Every business has a number of experiences, personal and corporate, positive and negative, in its history. It is impossible to run a business without facing and overcoming difficulty. The collective wisdom learned ought to be shared. Rather than forgetting and burying past mistakes, those who are wise will take the time to review and discuss past solutions and new ways to confront problems should they, or any problems similar, come again. This is not about assigning blame, but about discovering what went wrong and why. The corporate memory of senior employees to review problems in the past can help prevent them in the future. The experience of Capt. Sullenberger made the difference in the lives of everyone on board. 

Rethink Training

In the archives of every business, whether it is entrepreneurial or corporation, big or small, events have occurred that need to be discussed and reviewed with an emphasis on discovering answers to past problems. 

This is exactly what Capt. Sullenberger's training was all about. He had investigated accidents in the past and understood the fatal flaws that resulted in tragic consequences. Training is not just a special class or attending a seminar. Training takes place everyday in how we view and carry out our tasks and responsibilities. Safety training is not simply where to find the fire extinguisher, but what fires were caused in the past and why.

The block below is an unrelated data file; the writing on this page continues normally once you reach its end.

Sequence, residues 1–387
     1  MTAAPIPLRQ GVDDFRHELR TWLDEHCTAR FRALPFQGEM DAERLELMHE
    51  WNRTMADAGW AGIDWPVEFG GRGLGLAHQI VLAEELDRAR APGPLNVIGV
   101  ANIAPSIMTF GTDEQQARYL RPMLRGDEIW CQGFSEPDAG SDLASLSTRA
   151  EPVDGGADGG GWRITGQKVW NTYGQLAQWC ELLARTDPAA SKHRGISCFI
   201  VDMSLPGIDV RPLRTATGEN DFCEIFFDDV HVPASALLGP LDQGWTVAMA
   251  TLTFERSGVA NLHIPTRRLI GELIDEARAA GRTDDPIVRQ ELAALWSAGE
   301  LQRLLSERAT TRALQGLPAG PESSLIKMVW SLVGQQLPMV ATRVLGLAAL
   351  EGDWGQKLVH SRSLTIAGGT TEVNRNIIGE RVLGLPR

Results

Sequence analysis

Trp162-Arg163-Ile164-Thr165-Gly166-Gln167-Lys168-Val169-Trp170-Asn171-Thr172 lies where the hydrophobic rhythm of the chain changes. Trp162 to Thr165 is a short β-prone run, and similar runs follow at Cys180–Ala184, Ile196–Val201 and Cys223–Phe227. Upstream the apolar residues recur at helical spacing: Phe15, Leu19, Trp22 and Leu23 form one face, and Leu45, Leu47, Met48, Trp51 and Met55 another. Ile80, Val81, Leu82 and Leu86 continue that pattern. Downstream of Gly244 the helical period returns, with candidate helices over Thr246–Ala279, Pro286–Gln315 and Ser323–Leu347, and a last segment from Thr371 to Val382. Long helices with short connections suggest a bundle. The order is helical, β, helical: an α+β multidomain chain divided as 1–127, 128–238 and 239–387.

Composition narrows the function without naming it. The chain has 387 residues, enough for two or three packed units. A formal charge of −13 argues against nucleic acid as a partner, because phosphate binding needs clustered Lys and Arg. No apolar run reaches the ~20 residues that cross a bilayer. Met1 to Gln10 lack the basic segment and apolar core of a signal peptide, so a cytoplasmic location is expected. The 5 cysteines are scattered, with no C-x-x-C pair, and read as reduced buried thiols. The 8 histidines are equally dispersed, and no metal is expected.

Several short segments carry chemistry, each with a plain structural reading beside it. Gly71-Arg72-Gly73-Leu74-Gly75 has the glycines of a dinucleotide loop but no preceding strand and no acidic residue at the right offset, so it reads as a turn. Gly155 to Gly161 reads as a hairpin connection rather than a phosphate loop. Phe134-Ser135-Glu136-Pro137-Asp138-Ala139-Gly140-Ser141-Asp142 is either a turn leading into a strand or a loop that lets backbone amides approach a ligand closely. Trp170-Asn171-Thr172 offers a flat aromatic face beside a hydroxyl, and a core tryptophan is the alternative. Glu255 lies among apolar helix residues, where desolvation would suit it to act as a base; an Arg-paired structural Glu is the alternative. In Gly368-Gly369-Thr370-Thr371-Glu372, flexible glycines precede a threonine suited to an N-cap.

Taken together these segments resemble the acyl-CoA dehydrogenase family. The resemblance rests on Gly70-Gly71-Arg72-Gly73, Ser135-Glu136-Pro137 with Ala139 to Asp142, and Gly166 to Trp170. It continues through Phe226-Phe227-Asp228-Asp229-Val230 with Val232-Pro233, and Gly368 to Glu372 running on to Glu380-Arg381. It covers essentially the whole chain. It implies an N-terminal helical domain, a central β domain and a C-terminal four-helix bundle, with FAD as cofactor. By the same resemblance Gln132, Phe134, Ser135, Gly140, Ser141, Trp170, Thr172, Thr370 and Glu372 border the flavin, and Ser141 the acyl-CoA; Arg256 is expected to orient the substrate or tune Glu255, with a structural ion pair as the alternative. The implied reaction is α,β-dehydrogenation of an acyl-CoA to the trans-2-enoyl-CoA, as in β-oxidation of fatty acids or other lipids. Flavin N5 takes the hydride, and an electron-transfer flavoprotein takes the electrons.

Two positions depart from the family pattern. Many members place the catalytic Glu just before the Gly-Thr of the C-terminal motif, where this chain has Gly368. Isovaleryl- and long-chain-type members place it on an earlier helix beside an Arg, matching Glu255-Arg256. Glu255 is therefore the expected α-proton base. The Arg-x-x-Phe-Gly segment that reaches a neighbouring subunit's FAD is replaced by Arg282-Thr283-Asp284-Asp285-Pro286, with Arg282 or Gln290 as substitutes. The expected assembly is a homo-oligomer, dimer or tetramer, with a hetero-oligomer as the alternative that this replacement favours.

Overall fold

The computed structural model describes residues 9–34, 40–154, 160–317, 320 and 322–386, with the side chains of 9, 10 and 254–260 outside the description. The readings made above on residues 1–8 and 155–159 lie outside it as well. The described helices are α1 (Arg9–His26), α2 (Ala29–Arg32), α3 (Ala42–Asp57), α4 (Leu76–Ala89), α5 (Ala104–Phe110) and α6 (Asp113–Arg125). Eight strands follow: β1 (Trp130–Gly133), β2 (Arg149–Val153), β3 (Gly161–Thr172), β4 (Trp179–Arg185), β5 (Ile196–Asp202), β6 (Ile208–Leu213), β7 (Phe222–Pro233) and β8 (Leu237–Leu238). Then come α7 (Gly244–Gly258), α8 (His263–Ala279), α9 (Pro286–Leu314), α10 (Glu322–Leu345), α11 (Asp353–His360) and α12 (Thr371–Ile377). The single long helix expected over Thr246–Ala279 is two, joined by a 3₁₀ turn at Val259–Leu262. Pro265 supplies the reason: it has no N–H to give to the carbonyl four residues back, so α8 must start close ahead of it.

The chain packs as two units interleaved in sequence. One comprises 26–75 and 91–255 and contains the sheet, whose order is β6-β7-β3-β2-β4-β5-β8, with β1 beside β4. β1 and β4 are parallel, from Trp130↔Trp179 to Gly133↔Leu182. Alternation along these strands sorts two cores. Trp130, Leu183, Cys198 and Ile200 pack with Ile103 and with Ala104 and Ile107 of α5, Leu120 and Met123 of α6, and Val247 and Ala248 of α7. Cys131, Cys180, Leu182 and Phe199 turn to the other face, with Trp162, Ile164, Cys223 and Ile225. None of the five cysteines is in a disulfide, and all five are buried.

Educate Everyone

It is important to remember that Capt. Sullenberger was not selected for singular education in flight safety but was included in a number of flight safety training programs held throughout his career. What if his age, his background, his previous educational experiences, had disqualified him from training or what if he had decided it was unnecessary at his level of experience? Safety is everyone's business and training everyone is in the best interest of every business.

Make regular deposits